Jump to content


Popular Content

Showing content with the highest reputation since 11/05/23 in all areas

  1. What problems did you encounter after installing the m.2 NVMe 1TB SSD?
    1 point
  2. Hi! Each bios mod prepared individually and based on your personal file backup of bios. You can post here your file backup of bios, or upload it into any fileserver and post the link. For creating backup of bios use attached utility. Extract attached archive directly on the Desktop and run utility as Administrator (right click mouse, choice "Run as Administrator"). Utility will create archive "results" directly on the Desktop. Post here this archive "results", or upload it into any fileserver and send me the link. https://files.fm/u/9nss8fe264
    1 point
  3. Hi! Yes, with modified bios, your laptop should be support NVME SSD. But you will need to install a new Windows 10 on your NVMe disk. (not clone from old disk !!!). Important: The “BOOT” section of the UEFI BIOS and the shortcut to the “Bootable Devices” will not show the NVMe SSD, although it may be bootable! After having installed the NVMe supporting OS in UEFI mode onto the PCIe/M.2 connected SSD, you will see the new bootable system drive listed as “Windows Boot Manager”. Here are some advices about how to get Win10 properly installed onto an M.2 or PCIe connected NVMe SSD: Save the important data, which are currently on the NVMe SSD. Create an UEFI mode bootable USB Flash drive containing the desired Win10 image by using the latest version of the tool Rufus (important: choose the UEFI mode partition table = GPT). Here is a picture, which shows the most important Rufus settings: Rufus 3.17 Settings.png490×580 16.5 KB Important note: Usually the USB Flash Drive has to be FAT32 formatted to be bootable in UEFI mode, but this file system cannot be created, if any file within the ISO file (e.g. the install.wim) is bigger sized than 4 GB. In this case the tool Rufus will automatically format the USB Flash Drive by using the NTFS file system, but nevertheless makes it possible to boot the USB Flash Drive in UEFI mode (provided, that the “Secure Boot” option within the BIOS has been set to “Disabled”). Enter the BIOS and navigate to the “BOOT” section and - if applicable - the “SECURITY” or “Keys” section. Make sure, that the “Secure Boot” and “Fast Boot” options are disabled. The “Compatibility Support Module” (CSM) can either be set to “Disabled” as well (better option, but requires full UEFI compatibility of the graphics adapter) or to “Enabled” with the ability/preference to load EFI BIOS modules for the Storage Disk Drives. If you see BIOS options for the “OS type”, choose “other OS”. This will disable the Secure Boot setting. Tip to avoid SATA/NVMe interferences during the OS installation: It is recommended to temporarily unplug all SATA connected devices and additionally to disable the on-board SATA Controller(s) within the “Storage Configuration” section of the BIOS before starting the OS installation. These measures of precaution can/should be reversed once the OS installation onto the NVMe SSD has been successfully completed. Insert the prepared USB Flash drive and boot off it in UEFI mode (the related bootable USB drive should be shown by the Boot Manager with the prefix “[UEFI]”). When you come to the point, where you have to decide onto which Drive and which partition the OS shall be installed, delete all existing partitions from your NVME supporting SSD. After having done that, let the Win10 Setup create a new partition for your future drive C: on the related SSD. Then point to this just created partition as the desired future OS location. The rest should be done by the Setup automatically. You will get a message, that some additional partitions have to be created. Accept that and follow the advice of the Setup where to install the OS. Once the OS is up and running, shut down the computer, remove the bootable USB Flash driver and reconnect all your previously used storage drives. Before you restart your computer, make sure, that the NVMe SSD resp. its listed “Windows Boot Manager” is on top of the bootable storage drives.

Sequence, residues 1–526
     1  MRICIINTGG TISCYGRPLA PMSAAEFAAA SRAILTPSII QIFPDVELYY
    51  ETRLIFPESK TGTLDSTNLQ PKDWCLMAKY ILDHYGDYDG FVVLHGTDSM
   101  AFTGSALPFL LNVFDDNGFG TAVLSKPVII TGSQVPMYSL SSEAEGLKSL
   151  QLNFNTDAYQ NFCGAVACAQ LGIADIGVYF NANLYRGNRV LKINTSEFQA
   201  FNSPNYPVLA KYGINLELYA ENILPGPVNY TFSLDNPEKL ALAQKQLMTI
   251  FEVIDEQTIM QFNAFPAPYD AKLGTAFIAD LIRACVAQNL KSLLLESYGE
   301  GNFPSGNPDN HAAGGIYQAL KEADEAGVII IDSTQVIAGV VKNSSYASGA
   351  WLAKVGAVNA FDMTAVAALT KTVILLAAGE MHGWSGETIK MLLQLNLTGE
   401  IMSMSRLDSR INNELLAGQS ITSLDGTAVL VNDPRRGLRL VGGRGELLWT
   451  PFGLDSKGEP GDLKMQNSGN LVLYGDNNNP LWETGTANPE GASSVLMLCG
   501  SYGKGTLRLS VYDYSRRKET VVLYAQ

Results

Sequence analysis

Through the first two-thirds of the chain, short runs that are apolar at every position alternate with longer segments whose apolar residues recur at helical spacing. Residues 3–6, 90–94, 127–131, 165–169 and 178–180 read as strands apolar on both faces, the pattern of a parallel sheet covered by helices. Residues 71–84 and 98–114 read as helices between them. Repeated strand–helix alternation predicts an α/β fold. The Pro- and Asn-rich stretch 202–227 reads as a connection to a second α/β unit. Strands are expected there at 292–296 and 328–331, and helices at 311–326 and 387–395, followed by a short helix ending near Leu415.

1 point

  • Newsletter

    Want to keep up to date with all our latest news and information?
    Sign Up
  • Create New...

Important Information

By using this site, you agree to our Terms of Use. We have placed cookies on your device to help make this website better. You can adjust your cookie settings, otherwise we'll assume you're okay to continue.